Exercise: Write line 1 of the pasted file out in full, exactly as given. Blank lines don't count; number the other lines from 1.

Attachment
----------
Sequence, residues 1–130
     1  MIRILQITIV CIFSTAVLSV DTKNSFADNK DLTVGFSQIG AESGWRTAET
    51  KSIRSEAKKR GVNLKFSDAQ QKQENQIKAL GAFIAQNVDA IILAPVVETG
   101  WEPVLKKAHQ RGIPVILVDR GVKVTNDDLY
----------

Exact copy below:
Sequence, residues 1–130